Reviewed by

Christopher Armstead

From director Jooh-ho Bong, the director of the fantastic monster movie ‘The Host’ comes something a little different with his follow up film ‘Mother’. A little different but not too terribly different from each other if you think about it a little bit. Sure one’s a movie about a sewer dwelling monster and the other centers around an overprotective mother, but both of these characters do some really bad things in both of these movies, with both of these characters simply doing these things because it is in their nature to do so.

Do-joon (Bin Won) is slow, an idiot, stupid. There’s not a lot to debate about that. Just don’t call him retarded. Please. We first meet Do-joon getting clipped by a speeding Mercedes which causes his good friend Jin-tae (Ku-jin) to mobilize his easily manipulated friend to track down this wayward Mercedes and vandalize it. This simple event of lunacy by these two nutjobs will set in motion a series of unfortunate events which will end with Do-joon being arrested as the prime suspect in the murder of a Korean schoolgirl who we are told is of loose moral structure.

Do-Joon’s Mother (Hye-ja Kim) knows her baby boy isn’t very bright, has trouble remembering things and has a short temper at times but she also knows that he’s no murderer. The evidence pointing towards Do-joon is circumstantial, but it is fairly solid circumstantial evidence so unless Mother can find how who really murdered this girl her boy is going away for a while. What is a concerned mother to do?

This is where ‘Mother’ becomes something else altogether. First mom hires a lawyer, the best lawyer money can buy even though she’s flat broke. We gotta say we have noticed that despite the fact Mother does seem to be next to poverty stricken, when she needs money she always comes up with money. This lawyer is no good by the way, despite the fact he brokered what I thought was a reasonable plea agreement, so now Mother is in full Columbo mode as she decides to crack the case herself. Jin-tae seems the obvious suspect since he does take advantage of the dim-witted Do-joon to fit whatever agenda he has going on at that time. Eventually Mother realizes that the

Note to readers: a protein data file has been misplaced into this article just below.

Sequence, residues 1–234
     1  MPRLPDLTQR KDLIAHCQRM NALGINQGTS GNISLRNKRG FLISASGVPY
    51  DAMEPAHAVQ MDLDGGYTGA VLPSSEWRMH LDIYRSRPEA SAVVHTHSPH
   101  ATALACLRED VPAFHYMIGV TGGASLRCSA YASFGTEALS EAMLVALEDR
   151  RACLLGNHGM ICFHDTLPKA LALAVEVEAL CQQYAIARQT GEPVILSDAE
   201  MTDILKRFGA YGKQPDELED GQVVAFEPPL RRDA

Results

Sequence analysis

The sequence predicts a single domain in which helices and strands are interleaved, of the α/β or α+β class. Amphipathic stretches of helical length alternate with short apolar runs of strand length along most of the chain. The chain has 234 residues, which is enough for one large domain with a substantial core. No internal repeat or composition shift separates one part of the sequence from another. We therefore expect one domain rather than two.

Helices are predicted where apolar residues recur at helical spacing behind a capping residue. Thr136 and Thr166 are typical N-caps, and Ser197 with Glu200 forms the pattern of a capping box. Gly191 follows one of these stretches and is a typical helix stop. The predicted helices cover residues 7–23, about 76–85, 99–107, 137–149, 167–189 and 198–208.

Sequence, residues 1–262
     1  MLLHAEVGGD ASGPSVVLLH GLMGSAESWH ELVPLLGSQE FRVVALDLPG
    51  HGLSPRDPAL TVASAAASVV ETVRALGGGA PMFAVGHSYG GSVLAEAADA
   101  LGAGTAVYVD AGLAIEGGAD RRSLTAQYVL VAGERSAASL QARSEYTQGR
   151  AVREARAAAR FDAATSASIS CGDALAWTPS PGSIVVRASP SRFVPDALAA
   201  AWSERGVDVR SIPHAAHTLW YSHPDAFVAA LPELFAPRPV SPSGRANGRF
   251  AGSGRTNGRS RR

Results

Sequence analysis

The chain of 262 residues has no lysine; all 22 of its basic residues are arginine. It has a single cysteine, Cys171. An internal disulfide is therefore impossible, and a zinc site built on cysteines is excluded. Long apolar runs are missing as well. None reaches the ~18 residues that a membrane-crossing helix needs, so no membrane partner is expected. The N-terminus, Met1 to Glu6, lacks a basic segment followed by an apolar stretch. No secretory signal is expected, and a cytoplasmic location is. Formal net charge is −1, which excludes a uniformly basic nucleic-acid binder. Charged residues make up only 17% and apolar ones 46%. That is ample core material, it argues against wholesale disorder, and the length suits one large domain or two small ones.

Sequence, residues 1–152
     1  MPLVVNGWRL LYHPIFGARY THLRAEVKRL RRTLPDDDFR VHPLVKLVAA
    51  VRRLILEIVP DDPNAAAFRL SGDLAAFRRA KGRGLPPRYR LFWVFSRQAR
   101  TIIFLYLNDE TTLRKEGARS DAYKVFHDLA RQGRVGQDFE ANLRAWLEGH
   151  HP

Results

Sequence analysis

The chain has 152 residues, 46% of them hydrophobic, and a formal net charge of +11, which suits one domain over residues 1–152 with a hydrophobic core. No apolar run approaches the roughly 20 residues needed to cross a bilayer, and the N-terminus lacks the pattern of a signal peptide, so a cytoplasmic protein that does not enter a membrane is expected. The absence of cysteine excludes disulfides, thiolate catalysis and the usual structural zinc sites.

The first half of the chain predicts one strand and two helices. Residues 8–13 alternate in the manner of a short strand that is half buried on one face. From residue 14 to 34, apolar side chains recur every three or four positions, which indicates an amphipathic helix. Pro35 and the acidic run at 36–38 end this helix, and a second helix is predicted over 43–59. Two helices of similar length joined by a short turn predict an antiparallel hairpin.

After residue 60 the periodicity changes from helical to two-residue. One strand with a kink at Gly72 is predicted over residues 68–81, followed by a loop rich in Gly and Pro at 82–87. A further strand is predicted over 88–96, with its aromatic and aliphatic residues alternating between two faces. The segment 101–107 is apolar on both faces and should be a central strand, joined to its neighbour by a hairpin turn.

only person who can help her find this killer is the victim herself which leads her to focusing all of her energies on what this girl was into, who would want to kill her (a few people as it turns out) and what clues can she get out of people, including her slow witted son with the terrible memory, to finally set this young man free and bring the real killer to justice… whoever this killer might be.

With ‘Mother’ Joon-ho Bong has crafted a rather unique tale that sets the majority of its plot within the pathology of its main character, brilliantly played out by Hye-ja Kim, as opposed to the actual plot of the mystery of this murdered girl. Even though this murdered girl is the lynch pin of the entire narrative in this movie, this part of the story is pushed to the periphery by watching Mother operate, learning more about Mother and her relationship with her son, a relationship that is mighty uncomfortable at times and learning why Mother is going to such lengths to protect her son. All mothers protect their children, this mother just takes it to another level. Another reason the mystery of this murdered girl is pushed to the back, at least in my opinion, is because the director deals from the bottom of the deck a couple times in dealing with this mystery.

There are a couple of contrivances within the plot that occur, not because it developed in an organic way, but because the story needed to head to a certain point and we had to be re-routed to these plot points. The screenwriters knew where we had to be, but on a couple of occasions they couldn’t devise a clever enough way to get their audience to these desired destinations.

Fortunately for us ‘Mother’ is a movie that is character driven. Even though he’s only made two feature films I’m more than prepared to anoint Joon-ho Bong a master of bringing out the most of the characters, as he has clearly shown in the movies of his I’ve seen. Bin Won has created a character in Do-joon that truly only a mother could love because none of his afflictions or inadequacies are in the least bit endearing. This works in this movie because it makes the character of Mother a stronger figure because it’s easy to support a character who trying to protect a kid who is cute and cuddly and adorable. With this Mother, it’s all about her unnatural attachment to this grown man and this makes their relationship all the more unnerving. Ku-jin’s character of Jin-tae brought a cool menace to his character with Hye-su Kim creating one of the more unique characters in my recent movie memory with Mother.

‘Mother’ is a film that is a phenomenal character study bracketed by a flawed mystery but it still an achievement by a director, who at least at this point, seems destined for great things.

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